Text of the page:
– Assigned textbook readings (skim)
2. DURING THE LECTURE
– Listen to understand (no need to write everything down, as powerpoint outline will be available for download after class)
– Ask questions (if you do not understand)
3. IMMEDIATELY AFTER LECTURE (Monday evening or Tuesday)
– Class notes and PPT outline (download PPT outline from iLearn)
– Assigned textbook readings (thorough reading)
– (Optional: Use workbook for review)
– If you don’t understand:
– Minor point (short question) --> email the instructor
– Major point (long question or lots of questions) --> office hours
4. ONLINE ASSIGNMENT
– Initial attempt (Monday or Tuesday): comprehension check to see what you do and don’t understand. If there are aspects you don’t understand:
– Minor point (short question) --> email the instructor
– Major point (long question or lots of questions) --> office hours
– Final attempt(s) (before 4 PM Friday): to secure a good grade
– Done --> Start preparing for the following week’s lecture. Weekly Assignments
• All weekly assignments are given online and graded by computer.
Assignment are due at the following times each week:
Recommended time of completion is 5:00 PM Friday
Technical cutoff point is 11:55 PM Sunday (day before class)
You will be given 5 attempts to complete the assignment, the highest grade of which will be recorded as your assignment grade.
It is strongly recommended that you start your assignment early in the week (since you have so many attempts, make at least one attempt
early in the week to ensure you get a grade), and by Friday of the due week at the latest.
2 Assignment may take several hours to complete, so start your assignment well before the anticipated deadline.
Instructor support and answers to assignment-related questions will be provided up until 4 PM Friday. After that, you are on your own.
Missed assignments cannot be retaken, whatever the reason. Missed assignments or missed deadlines will result in a grade of zero for the
HOW TO ACCESS:
Open a web browser and go to http://ilearn.sfsu.edu (NOTE: Firefox is the recommended browser for this class. To download Firefox, go to
Enter your SFSU Student ID Number and Personal Access Code (PAC)
Click on the Login button
Click on the course link for FL325 Linguistics for Foreign Language (under Courses)
NOTE: The syllabus (including both main session and breakout sessions), course schedule, handouts, and relevant information will be made
available online at ilearn.sfsu.edu.
Click on the link for the assignment you wish to work on.
Click on the Attempt Quiz Now button.
If you want to save your answers without submitting and continue to work on it later, click on the Save Without Submitting button at the
bottom of the page. When you come back to the site, DO NOT click on the Start Again button (this button will clear all the answers that you
WARNING: If your browser or computer crashes in the middle of an assignment, you will have to start all over again. For this reason, it is strongly
recommended that you:
Not view any other web pages or run any other applications while doing online assignments, as insufficient memory will lead to browser
Use a reliable computer and browser. If your personal computer or browser is prone to unexpected crashes, you may want to do your
assignment at a computer lab on campus, where computers are more reliable, and technical support staff are on duty to answer your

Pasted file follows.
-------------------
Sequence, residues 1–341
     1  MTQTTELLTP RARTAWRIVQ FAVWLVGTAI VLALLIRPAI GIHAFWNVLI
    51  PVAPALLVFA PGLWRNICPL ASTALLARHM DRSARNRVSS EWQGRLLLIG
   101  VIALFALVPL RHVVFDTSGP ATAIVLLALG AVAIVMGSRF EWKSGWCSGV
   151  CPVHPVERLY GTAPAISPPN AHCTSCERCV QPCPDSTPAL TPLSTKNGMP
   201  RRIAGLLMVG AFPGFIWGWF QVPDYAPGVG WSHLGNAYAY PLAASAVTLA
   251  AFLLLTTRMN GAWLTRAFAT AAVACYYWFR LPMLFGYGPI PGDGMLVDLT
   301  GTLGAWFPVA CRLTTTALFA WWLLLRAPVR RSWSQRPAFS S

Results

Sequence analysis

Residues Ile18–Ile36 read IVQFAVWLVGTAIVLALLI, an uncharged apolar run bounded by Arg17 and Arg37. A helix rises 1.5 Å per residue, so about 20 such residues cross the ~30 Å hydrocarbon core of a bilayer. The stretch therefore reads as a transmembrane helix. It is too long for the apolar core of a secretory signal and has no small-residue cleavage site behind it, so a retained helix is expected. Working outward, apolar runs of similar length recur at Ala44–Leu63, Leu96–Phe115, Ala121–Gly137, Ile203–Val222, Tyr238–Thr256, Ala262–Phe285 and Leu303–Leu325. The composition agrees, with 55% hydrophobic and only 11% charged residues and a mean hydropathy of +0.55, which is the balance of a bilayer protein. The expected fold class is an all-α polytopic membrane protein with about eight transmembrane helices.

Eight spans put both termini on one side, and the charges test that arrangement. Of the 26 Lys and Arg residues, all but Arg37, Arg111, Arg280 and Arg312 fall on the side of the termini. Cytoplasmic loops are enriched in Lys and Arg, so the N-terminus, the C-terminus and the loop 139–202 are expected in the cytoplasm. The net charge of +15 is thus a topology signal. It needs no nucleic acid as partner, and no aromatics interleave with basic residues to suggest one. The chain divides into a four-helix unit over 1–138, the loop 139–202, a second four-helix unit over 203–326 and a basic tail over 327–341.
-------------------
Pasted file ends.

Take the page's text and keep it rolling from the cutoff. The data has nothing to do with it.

Start your assignment early, so that if you have to start again, you have sufficient time before the deadline to do so.
Please consult your peers before seeking technical support from the instructor. When the instructor cannot be reached, technical support is
available at <ilearn.sfsu.edu/student>.
Online questions and answers may be shuffled for each student, so when asking a question regarding online assignments, make sure to write
out the whole question and all of possible answers, instead of just a question number and (A), (B), (C), (D). Also, if applicable, include the
week and the section number of the question.
When you are satisfied with your answers, click on the Submit All and Finish button.
Assignments cannot be reset. If submitted in error, grades will still be recorded.
ANSWER KEY: An answer key will be made available after 12 midnight Sunday.
o • • • •
• Other requirements ATTENDANCE
Attendance is mandatory: students must be present at all classes for the full duration of the class. Failure to do so will result an attendance grade
of zero for a given week, which will affect the cumulative attendance and participation grade (5% of semester grade) for the course.
For an absence to be excused, student must produce compelling evidence of the gravity or unforseeability of the event causing the absence. The
instructor will have the ultimate say in deciding whether or not to accept a student's excuse. Simply declaring that you will not be able to come to
class without giving a valid reason will not count as an excused absence. Uncompelling reasons such as "personal business" or "stuff to take care
of" are not acceptable.
Midterm (10/19) and final examination (12/14) dates are non-negotiable. Students will not be allowed to reschedule exams missed due to
Students are expected to review class content and complete assigned readings after class, and complete online assignment by the
recommended completion date (5 PM Friday).
Keep in mind that class content is cumulative, and inability to follow prior content will affect comprehension and learning at the next level. If you
have trouble following, see the instructor during office hours.
• Eating and drinking is not allowed in HUM 133 (Please inform the instructor if you need to eat or drink in class due to medical reasons)
Please turn off all cellular phones, pagers, and other devices that may interrupt the class.